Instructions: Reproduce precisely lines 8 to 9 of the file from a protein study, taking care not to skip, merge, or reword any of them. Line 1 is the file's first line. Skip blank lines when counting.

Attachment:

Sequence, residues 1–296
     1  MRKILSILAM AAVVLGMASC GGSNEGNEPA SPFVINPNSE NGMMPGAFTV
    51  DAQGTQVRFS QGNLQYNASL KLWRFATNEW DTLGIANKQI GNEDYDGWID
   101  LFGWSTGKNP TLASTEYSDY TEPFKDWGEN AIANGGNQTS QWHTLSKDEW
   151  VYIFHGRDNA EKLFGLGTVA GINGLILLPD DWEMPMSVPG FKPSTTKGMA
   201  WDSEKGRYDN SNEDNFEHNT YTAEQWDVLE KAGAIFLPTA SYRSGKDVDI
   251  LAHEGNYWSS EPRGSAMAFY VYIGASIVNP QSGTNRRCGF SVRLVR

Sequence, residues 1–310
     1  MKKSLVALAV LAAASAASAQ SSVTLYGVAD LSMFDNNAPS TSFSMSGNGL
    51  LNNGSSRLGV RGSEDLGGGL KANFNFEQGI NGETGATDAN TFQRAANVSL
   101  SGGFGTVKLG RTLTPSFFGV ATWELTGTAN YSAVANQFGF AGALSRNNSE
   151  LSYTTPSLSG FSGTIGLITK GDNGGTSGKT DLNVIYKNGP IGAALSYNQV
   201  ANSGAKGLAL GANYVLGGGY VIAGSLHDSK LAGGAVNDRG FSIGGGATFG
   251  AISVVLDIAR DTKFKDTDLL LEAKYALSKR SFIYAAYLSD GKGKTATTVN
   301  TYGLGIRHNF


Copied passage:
Sequence, residues 1–310
     1  MKKSLVALAV LAAASAASAQ SSVTLYGVAD LSMFDNNAPS TSFSMSGNGL